Wednesday, September 28, 2022     Volume: 23, Issue: 30

Santa Maria Sun / Art

The following article was posted on December 3rd, 2014, in the Santa Maria Sun - Volume 15, Issue 39 [ Submit a Story ]
The following articles were printed from Santa Maria Sun [] - Volume 15, Issue 39

The Great American Melodrama offers family friendly holiday stagecraft


The bustling fun of the Great American Melodrama is always present from the moment the longtime theater’s doors open and the already costumed actors whisk you away to your seat. The magic of the Melodrama is amplified during the holiday season as the theater welcomes more actors to the stage and decks the humble hall will all manner of festoonery.

Ebenezer Scrooge (Beau Heckman) is taken on a trip through his past, present, and future at the Great American Melodrama

The first show of the night is the classic Dicken’s tale A Christmas Carol, so the welcoming actors, both adults and youth, are clad in the garb of Victorian England, top hats and all. As always, much of the cast is busy at work in the Melodrama’s concessions line, merrily singing for tips while serving food and drink. It is when everyone is settled and the lights go down that fantastic tales and characters come to life with the careful stagecraft of the Melodrama’s talented actors and technicians.

A Christmas Carol is a longtime stage favorite for a variety of reasons. The seemingly simple tale of the miserly and cold-hearted Ebenezer Scrooge gains depth as Scrooge is taken on a whirlwind adventure through time and is shown the true meaning of Christmas and life itself. This adventure gives the performers and technicians plenty of chance for spectacle, excitement, drama, and humor.

The Great American Melodrama’s resident actors are met by a well-selected supplement of local and traveling actors. Newcomer to the Melodrama stage Beau Heckman meets the challenge of Scrooge with a sinister scowl and cruel countenance. Melodrama emcee Philip David Black gives great heart to Bob Cratchit, Scrooge’s foil. Cratchit can often become a secondary character, buffeted by Scrooge and the need to provide for his family, especially his ailing son Tiny Tim, but Black’s performance embraces the nature of the family man and the idealized hope he embodies.

Melodrama actors close the evening with the Sounds of the Season Vaudeville Review, which includes almost every holiday on the books.

Scrooge’s flames of hate are further fanned by a visit from his nephew Joe (Alex Sheets), who only wishes to invite his old uncle to Christmas dinner. In this sour mood Scrooge comes home only to be confronted by the specter of his deceased business partner Jacob Marley (Noah Kaplan), who warns Scrooge that he may suffer a similar disembodied fate if he doesn’t change his ways. Helping him along with this transformation are three ghosts. The first, the angelic Ghost of Christmas Past (Kate Worley), will help reveal to Scrooge and the audience why he is so twisted with anger.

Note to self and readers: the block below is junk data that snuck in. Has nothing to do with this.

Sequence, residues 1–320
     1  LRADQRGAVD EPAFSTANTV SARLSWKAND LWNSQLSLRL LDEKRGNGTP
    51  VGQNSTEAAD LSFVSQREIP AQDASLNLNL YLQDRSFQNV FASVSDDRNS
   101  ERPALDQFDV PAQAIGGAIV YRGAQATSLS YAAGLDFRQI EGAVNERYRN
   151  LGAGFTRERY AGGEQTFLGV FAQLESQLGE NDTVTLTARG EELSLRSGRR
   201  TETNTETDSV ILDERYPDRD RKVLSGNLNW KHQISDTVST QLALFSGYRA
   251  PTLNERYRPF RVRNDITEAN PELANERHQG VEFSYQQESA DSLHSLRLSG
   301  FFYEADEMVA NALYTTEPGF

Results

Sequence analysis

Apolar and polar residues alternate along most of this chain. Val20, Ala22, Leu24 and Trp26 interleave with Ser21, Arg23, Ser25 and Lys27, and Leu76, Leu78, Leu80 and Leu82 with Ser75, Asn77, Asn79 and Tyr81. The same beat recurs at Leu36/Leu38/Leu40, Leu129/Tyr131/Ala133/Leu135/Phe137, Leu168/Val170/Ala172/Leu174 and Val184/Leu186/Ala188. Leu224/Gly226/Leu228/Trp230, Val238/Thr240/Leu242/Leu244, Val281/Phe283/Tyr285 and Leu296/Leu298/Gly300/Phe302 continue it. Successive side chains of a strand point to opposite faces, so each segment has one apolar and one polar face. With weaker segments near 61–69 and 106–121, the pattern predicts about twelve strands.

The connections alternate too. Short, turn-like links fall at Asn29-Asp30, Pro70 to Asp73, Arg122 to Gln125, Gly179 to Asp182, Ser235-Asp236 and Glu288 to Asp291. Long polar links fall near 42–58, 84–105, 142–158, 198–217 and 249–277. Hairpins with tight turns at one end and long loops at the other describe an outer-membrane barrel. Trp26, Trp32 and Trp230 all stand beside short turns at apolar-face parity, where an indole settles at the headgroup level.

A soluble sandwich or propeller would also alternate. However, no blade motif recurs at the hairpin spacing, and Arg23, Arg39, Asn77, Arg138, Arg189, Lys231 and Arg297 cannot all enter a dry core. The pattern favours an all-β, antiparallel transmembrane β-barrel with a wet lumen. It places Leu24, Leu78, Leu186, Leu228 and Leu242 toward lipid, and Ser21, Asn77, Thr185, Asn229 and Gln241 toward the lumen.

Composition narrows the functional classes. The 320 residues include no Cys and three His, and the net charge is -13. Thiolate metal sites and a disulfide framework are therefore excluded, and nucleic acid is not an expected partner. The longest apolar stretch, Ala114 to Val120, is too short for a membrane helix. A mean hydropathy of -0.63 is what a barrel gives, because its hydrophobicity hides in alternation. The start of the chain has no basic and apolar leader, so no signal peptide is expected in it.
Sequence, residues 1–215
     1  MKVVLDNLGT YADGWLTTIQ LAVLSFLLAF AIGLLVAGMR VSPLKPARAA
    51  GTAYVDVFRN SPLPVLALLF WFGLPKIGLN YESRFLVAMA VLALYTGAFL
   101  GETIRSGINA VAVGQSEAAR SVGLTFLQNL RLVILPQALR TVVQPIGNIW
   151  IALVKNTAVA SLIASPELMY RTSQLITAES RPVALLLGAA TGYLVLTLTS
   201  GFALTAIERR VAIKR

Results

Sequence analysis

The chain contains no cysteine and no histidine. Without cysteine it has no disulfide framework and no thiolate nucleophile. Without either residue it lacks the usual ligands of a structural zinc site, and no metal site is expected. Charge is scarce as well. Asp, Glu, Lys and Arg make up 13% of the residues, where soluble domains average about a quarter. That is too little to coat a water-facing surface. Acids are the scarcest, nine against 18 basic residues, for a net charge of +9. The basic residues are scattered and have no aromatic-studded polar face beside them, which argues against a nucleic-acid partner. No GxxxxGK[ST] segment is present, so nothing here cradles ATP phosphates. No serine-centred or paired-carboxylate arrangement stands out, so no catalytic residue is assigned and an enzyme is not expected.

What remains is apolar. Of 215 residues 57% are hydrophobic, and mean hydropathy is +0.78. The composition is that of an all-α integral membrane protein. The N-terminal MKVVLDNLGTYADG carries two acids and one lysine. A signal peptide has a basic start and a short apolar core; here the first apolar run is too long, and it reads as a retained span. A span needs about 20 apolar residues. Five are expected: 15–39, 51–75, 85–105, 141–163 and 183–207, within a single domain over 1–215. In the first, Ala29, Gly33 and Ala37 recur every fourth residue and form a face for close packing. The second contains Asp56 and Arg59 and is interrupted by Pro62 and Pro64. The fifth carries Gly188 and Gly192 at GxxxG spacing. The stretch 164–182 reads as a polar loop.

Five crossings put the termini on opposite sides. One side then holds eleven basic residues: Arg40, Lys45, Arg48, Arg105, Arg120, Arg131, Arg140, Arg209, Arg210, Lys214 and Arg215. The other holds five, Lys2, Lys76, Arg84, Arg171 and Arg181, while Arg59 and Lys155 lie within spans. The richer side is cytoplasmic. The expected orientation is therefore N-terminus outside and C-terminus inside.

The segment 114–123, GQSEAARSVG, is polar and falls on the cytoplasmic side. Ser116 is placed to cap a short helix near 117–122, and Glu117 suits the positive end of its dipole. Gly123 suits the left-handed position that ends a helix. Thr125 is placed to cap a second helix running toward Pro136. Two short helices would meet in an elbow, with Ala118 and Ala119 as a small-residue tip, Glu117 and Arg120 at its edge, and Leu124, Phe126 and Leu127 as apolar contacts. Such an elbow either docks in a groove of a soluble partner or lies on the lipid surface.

Quick lighting and sound effects send our characters soaring into the past. This is the Great American Melodrama where it’s most comfortable: quick costume changes, classic stage tricks, and a story that moves briskly. All the while music director Kevin Lawson is accompanying the action with his hands at the piano. Rousing Christmas carols sound for the joyous scenes, and minor tunes are employed for dark and ominous moments. The piano is all that is needed to score the classic story, though the single instrument comes across at times like a symphony to match the snowstorm of activity onstage.

Catch the show
The Great American Melodrama presents its production of "A Christmas Carol, Little Red Riding Hood, and the Holiday Vaudeville Revue" showing through Dec. 31. The Great American Melodrama is located on Highway 1 in Oceano. More info: 489-2499 or

The Great American Melodrama’s middle act takes a break from the holiday theme for a mini operetta production of Little Red Riding Hood. This hilarious retelling of the story of Red and the Big Bad Wolf includes settings of wonderful melodies from across time, including Mozartian opera and American musical theater. The evening caps out with the Holiday Vaudeville Review titled The Sounds of the Season, and serves up a brimming cup of nostalgia, humor, and perfect four-part harmony. The exceptional evening of entertainment is a spectacle worth sharing with those you want to spend time with this cheery holiday season.


Arts Editor Joe Payne isn’t tired of holiday songs just yet. Contact him at

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